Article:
Wednesday, September 10, 2008
I voted yesterday. By the end of this year, I will have participated in two primaries and one regular election - a lot from a girl living in a jurisdiction where her vote doesn't count for much. Yesterday was the DC primary; not to be confused with the Presidential primary, which was held in March. The "elections people" in DC (whoever they might be) thought it would be a good idea to schedule two primaries. That way they can spend more money, cause voters more headaches, and confuse all voters as to what is going to be on the ballot when.
As you can imagine voter turn-out was not particularly high yesterday with only local candidates and positions on the ballot. Only three of DCs eight wards had Council members up for elections and several other at-large Council seats were up for grabs.
The Council member representing the ward I live in was up for re-election. This was the main reason I went out to vote yesterday.
Voting in DC leaves much to be desired. Not only do we District residents not have a say/representative in Congress, but our one Electoral College vote doesn't really draw residents to the polls. Additionally, the District's voting process leaves much to be desired. Here are two of the unpleasantries I experienced while voting yesterday:
1. As I approached the site where I was to vote, I was pleasantly surprised that I passed into the "no campaigning beyond this point"-zone without being bombarded by various campaign staffers handing out fliers and begging for last minute votes. However, as I got closer to the voting location, a woman approached me and asked me to vote for her "friend" and gave me a packet of literature. Are you kidding me? It is illegal for you to campaign in the no-campaign zone. And this woman was camped out there - with her table, chair and desk of literature. Out of spite, I voted against this woman's friend. Respect the law, lady, and my boundaries.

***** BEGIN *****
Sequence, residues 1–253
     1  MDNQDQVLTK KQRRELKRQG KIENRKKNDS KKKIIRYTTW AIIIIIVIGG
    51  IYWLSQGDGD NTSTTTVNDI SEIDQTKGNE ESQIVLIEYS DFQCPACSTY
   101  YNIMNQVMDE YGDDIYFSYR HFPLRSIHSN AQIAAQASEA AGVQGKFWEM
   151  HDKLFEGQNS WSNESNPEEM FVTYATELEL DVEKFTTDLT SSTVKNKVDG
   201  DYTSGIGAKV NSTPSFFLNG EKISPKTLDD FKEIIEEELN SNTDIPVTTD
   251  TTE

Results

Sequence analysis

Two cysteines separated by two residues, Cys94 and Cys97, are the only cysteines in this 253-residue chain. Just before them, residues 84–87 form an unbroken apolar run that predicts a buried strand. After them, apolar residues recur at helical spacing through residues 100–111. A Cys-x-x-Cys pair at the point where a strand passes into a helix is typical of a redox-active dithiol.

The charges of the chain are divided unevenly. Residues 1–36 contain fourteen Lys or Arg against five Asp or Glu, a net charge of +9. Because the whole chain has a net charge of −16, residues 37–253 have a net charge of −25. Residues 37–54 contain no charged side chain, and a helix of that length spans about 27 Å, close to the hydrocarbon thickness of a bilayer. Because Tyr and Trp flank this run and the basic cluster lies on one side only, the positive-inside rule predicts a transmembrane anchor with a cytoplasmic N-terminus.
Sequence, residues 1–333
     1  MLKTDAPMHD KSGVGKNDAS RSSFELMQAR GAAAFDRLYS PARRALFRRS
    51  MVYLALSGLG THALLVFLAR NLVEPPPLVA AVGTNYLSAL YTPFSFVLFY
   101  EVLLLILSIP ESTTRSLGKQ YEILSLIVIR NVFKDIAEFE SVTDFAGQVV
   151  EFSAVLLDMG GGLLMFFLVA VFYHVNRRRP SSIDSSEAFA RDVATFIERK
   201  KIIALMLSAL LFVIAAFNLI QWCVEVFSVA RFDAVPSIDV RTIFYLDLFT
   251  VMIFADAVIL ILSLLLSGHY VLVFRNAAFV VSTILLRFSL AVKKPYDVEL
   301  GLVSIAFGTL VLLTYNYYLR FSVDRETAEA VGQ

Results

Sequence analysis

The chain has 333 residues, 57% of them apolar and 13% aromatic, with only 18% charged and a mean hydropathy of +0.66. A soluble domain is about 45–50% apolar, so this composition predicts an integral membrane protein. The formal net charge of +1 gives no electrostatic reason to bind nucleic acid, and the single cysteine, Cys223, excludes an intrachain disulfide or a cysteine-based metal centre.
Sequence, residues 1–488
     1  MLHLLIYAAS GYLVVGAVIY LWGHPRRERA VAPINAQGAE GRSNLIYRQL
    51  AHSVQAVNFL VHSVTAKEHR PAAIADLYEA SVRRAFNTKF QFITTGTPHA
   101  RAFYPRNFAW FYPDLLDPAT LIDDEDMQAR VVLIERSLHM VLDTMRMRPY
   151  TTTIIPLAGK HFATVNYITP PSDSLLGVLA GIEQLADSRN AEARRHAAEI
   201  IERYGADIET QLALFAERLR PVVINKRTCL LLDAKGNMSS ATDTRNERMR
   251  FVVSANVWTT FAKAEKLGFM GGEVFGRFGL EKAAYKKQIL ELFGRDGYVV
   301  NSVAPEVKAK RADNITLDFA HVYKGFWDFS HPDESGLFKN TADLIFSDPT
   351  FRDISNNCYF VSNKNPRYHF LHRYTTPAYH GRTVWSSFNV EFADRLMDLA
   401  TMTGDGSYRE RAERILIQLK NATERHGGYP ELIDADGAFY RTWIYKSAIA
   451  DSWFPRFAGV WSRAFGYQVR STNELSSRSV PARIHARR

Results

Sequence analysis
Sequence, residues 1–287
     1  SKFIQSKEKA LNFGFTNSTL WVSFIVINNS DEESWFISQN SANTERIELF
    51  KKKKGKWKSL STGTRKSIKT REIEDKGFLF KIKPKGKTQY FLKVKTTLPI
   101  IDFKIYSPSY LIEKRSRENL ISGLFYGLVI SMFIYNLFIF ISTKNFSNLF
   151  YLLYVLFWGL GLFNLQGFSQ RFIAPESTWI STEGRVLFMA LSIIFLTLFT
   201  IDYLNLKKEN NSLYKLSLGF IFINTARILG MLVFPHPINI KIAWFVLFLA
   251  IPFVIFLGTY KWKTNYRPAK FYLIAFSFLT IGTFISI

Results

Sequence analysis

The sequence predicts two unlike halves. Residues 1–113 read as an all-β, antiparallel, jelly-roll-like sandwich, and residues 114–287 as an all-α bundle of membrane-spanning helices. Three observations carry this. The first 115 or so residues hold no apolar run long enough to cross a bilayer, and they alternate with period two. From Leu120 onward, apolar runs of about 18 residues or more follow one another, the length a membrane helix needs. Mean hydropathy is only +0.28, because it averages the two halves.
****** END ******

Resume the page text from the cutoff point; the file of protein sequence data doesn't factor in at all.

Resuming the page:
2. Once inside, I went to the appropriate table to check-in. I was greeted by a woman who asked me to spell my last name. I spelled it twice and after I realized that she did not know that 'A' comes before 'E' in the alphabet, I told her my name was a few pages back in her book. After asking me to respell my name again, she finally found me. She confirmed my address, made me sign her book, and sent me to the next table. She NEVER checked my photo ID. Are you kidding me? As I was moving on to the next table, I realized she was talking on her cell phone through a blue-tooth device while she was checking me in. How rude!
My overall voting experience left little to be desired. The staff was grumpy and obviously had better things to do, like talking on their cell phones. All of this, and I didn't even have to wait in line. Just imagine what happens when you go and have to deal with the crowds.
With little incentive to vote in DC and the unpleasantries of the voting process, no wonder only 13 percent of registered Democrats and 17 percent of registered Republicans turned out to vote yesterday.
The big news, on the voting front, is that a four-term Republican Council member lost her re-election bid to an up-and-coming 33 year old. Unfortunately, as a registered Democrat, I didn't get to participate in this vote due to DC's closed primary rules.